Chocolate milk has been a longtime favourite for those looking to fuel and recover from a hard workout. It’s a relatively good source of protein and carbohydrates to boost energy, as well as being chock-full of micronutrients. But, what about a chocolate bar? I heard the buzz going around (albeit this could just be the sugar high) that chocolate can boost workout performance and improve recovery.
I like chocolate. I like performing better. Did I mention I like chocolate? This must be too good to be true, right?
While cocoa is high in antioxidants and nutrients thought to increase blood flow which aids recovery, there is minimal reliable research to back up the claim that chocolate will get you next year’s gold medal. A study in the Journal of the International Society of Sports Nutrition in 2015 suggested that dark chocolate aided in reducing oxygen cost in cyclists, touting that dark chocolate is rich in flavanols, which can aid in greater performance during moderate intensity exercise. However, this study was performed in a small group of only eight men, without a non-chocolate consuming control group. Chocolate is also very high in sugar, which can lead to the oh so familiar sugar crash, as well as digestive issues and feelings of sluggishness – not true friends of high performance!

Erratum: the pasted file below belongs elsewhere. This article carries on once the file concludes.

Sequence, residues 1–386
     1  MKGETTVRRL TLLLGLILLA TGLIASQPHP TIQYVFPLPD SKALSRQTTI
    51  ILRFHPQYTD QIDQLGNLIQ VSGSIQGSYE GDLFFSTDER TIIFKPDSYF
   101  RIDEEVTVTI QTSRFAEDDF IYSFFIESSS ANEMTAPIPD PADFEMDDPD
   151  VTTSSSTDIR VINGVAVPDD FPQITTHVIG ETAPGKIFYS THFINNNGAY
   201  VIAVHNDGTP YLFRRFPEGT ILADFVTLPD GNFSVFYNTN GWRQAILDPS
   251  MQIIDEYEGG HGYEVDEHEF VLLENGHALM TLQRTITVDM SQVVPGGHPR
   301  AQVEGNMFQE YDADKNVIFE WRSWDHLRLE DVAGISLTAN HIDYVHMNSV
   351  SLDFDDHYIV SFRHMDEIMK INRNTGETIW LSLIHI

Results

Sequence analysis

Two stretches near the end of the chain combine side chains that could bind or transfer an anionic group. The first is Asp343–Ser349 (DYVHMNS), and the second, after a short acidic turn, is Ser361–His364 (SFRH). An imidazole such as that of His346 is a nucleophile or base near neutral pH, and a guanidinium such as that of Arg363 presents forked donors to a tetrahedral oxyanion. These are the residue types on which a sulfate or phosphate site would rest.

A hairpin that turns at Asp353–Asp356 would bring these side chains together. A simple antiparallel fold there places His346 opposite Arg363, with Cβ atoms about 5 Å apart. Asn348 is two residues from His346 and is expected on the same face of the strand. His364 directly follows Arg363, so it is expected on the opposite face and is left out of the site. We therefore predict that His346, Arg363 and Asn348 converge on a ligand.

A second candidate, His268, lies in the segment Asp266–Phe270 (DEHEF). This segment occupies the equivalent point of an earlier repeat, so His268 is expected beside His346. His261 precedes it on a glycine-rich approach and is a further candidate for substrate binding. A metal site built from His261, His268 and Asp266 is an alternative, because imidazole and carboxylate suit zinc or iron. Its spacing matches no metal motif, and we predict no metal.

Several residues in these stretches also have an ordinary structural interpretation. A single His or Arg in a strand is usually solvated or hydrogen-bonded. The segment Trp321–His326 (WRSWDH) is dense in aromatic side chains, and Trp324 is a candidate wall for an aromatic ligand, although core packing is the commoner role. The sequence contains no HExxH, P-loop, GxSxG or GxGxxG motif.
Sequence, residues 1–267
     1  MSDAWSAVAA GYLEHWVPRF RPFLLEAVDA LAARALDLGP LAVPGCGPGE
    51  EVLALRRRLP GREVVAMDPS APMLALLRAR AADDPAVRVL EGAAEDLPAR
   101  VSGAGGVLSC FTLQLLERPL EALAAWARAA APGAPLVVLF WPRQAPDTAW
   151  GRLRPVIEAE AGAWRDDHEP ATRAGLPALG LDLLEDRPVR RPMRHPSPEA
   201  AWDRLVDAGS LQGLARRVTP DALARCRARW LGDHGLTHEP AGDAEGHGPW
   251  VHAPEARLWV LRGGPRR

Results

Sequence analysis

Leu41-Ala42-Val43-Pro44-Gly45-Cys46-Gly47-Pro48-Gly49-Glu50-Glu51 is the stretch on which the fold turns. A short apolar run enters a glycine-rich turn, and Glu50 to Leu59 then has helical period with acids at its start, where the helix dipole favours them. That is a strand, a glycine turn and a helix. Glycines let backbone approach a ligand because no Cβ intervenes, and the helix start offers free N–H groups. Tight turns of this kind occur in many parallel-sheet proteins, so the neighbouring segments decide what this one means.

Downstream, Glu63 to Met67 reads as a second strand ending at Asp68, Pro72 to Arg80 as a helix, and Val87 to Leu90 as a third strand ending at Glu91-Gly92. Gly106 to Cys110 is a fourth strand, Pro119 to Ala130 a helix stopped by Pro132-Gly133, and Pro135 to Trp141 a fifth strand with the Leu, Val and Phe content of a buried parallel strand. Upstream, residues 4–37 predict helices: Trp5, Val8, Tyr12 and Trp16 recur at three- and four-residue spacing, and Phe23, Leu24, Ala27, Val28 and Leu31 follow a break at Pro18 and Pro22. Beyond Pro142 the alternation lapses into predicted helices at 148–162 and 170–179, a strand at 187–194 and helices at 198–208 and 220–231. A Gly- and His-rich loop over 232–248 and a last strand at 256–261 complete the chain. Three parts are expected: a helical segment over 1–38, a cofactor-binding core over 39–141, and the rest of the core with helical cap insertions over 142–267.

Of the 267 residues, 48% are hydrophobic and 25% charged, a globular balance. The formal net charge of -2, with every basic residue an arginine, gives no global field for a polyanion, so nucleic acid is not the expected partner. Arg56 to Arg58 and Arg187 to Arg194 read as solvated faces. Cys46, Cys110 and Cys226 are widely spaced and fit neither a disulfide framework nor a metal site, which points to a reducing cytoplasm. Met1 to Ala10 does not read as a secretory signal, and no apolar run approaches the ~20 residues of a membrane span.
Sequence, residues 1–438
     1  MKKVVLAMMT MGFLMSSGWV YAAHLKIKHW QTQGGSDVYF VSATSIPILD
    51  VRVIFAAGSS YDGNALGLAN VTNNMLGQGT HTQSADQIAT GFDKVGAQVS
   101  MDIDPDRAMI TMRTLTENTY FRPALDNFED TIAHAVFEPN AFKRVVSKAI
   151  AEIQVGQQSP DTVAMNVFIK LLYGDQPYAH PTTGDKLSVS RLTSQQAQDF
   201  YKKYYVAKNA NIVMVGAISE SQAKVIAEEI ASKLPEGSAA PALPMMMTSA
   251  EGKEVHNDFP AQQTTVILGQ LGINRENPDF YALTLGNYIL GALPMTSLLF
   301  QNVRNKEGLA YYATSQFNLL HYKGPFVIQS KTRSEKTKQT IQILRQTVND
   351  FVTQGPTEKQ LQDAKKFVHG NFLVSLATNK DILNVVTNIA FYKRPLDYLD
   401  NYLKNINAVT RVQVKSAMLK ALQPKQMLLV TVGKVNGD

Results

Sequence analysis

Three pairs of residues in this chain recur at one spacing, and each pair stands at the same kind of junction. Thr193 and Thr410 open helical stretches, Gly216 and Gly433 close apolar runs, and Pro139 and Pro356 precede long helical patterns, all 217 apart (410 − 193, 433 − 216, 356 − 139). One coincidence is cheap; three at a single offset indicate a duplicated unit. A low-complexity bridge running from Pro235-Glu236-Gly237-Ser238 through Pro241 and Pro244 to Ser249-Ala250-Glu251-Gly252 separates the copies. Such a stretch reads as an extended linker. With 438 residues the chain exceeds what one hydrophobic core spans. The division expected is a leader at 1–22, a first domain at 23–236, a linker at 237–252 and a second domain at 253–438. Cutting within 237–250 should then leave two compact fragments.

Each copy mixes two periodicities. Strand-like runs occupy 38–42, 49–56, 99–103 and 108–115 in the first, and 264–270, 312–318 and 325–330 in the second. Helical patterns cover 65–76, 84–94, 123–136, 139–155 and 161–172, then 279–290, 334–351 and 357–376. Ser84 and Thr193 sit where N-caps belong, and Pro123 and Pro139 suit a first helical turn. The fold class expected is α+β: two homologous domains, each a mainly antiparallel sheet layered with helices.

What I do know is that a post-workout meal should contain carbohydrates and protein to replenish our energy levels and aid in muscle repair and growth. Chocolate will certainly perk you up, but you are better off choosing a nutrient dense snack that will keep you satisfied longer. If you’ve got a sweet tooth, go for a peanut butter and banana smoothie, or yogurt and berries.
Long story short, there is not enough viable research available yet to say with confidence that chocolate will make us better athletes. As the old saying goes, enjoy everything in moderation and you do not need an excuse to indulge every now and then. I know I will!
by Megan Denholm
Megan is a Bachelor of Kinesiology graduate from the University of Alberta. She is a CSEP-CPT certified Exercise Specialist with the MacEwan University Sport and Wellness fitness team.